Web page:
1. Dove Chocolate. Dove Chocolate Ads and Commercials Archive, Seoul. Ed. Mars, INC.
  2. Durkin, K., and K. Rae. “P02-53 Women and Chocolate Advertising: Exposure to Thin Models Exacerbates Ambivalence.” European Psychiatry1 (2009): S743. Doi:10.1016/S0924-9338(09)70976-9. Web.
  3. Food Creators. “JoJo’s Chocolate: Cure the Craving”. Youtube. Dec.22, 2014. Web.
  4. Robertson, Emma. Chocolate, Women and Empire: A Social and Cultural History. Manchester: Manchester UP, 2009. Print.
  5. Photos used to make the advertisement
    1. Abshire, Megan. SBC at ABS Nationals. 2015. Rock and Ice the Climbing Magazine, Colorado Springs.
    2. Burcham, John. A Female Rock Climber in Joshua Tree National Park, California. National Geographic Creative. Sports, Joshua Tree National Park.
    3. Patagonia Climbing Ambassador, Lynn Hill. 1993. Patagonia, Ventura, Ca.

Kristy Leissle in her article “Invisible West Africa: The Politics of Single Origin Chocolate” argues that the negative image Americans retain of West Africa deters chocolate companies from single-sourcing their chocolate from that region. However, I argue that not only does this negative imagery give the appearance of poor quality cacao beans, it tastes like it is of poor quality to the consumer.

Food and culture are very closely intertwined. When visiting a foreign country, one of the main outlets through which you can get in touch with the culture is through its food. Each culture enjoys a specific diet and even then, it can vary from city to city. Many social scientists have studied this idea and found that food is very closely tied to memories. Chocolate companies attempt to replicate those good memories using their product as a sort of reminder (Stuckey 2012).

Chocolate companies want to remind consumers of good memories, ones they might have had with their families for example. Taken from http://www.zvecevo.com/wp-content/uploads/2013/07/obiteljska-kockica2.jpg

If that is true, how then is it possible that most people do not understand the history of chocolate and its origins? Indeed, most do not even think to ask where chocolate comes from or where it is made. In fact, very few understand anything about chocolate when in reality, it has a very rich history. Beginning in the Mesoamericas with the Olmecs, the cacao bean has undergone many transformations to arrive at its current form of the popular chocolate bar (Coe and Coe, 2013). Through technological advancements though, its complex flavors have been dulled in favor of the mass production of consistently flavored chocolates.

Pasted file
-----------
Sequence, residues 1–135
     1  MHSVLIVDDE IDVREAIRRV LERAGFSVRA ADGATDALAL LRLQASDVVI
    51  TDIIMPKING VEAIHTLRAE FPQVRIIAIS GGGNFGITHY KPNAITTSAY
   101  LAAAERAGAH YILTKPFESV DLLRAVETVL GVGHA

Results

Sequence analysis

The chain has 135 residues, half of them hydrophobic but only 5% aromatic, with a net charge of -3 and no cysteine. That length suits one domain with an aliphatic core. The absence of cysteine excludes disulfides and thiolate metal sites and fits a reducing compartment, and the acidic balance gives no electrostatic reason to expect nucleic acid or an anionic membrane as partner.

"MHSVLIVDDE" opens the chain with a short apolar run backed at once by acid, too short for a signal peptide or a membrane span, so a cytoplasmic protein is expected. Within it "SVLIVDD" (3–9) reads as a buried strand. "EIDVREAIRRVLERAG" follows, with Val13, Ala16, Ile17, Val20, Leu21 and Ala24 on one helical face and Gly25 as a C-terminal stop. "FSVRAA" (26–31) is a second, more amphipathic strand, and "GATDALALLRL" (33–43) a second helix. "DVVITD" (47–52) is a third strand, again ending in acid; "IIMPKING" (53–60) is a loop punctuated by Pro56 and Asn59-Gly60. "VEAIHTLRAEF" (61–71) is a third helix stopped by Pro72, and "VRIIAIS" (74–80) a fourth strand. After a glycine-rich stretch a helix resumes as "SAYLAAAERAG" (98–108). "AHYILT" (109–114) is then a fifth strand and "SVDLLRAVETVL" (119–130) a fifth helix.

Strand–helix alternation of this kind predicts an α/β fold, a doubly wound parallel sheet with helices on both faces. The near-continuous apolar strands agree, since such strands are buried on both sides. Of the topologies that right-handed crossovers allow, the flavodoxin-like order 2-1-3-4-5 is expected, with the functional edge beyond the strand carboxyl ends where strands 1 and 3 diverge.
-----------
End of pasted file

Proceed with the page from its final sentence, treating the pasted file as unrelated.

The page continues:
This brings us to the recent development of single origin chocolate on the production side of the story. In the past, cacao beans were valued based on origin. This information told the buyer whether the cacao was fine or bulk cacao. Fine cacao has more complex flavors and is considered to be better quality. Bulk cacao, on the other hand, is more resistant to disease and heartier than fine cacao. This method of judging chocolate has reappeared, a comeback made apparent by the explosion in the number of artisans producing single origin chocolates. The market has gone from a single chocolate maker in 1997 to 37 today and still growing (Leissle 2013).

However, the world’s largest chocolate-producing region is noticeably absent. West Africa produces over 70% of the cacao on the world market today, but only 3.8% of single origin chocolates are sourced from West Africa (Leissle 2013). How is it that 70% of the world’s chocolate is produced in this region but few chocolate artisans have chosen this area to supply their cacao beans?

West Africa supplies most of the cacao on the world market (~70%), but almost none of the single origin chocolate (~3.8%). Taken from https://financialpostbusiness.files.wordpress.com/2014/10/fp1018_cocoa_production_940_ab.jpeg?w=620&h=345

Leissle argues that consumers today are unaware of the origins of chocolate because single origin chocolate makers claim the bean strain and bulk amounts sold are not conducive to their goals (2013). They claim the beans are too bitter and have weak, simple flavors, whereas single origin chocolates aim to bring out the complex, diverse flavors of chocolate. Additionally, the cocoa farms only sell in bulk which is not efficient for these kinds of companies, which make the chocolate from bean to bar. Ghana is considered to have the best cacao in West Africa because of the strenuous quality measures its Cocoa Board exercises. However, the Ghana Cocoa Board also presents an obstacle: it is under government control and it is the government that controls where the cacao can be exported. Though this system does indeed present a difficult obstacle, countries such as Cote d’Ivoire, Cameroon, and Nigeria have similar quality beans but with deregulated markets that allow for direct contact with the farmers. Furthermore, artisans from other countries source a lot of their products from West Africa.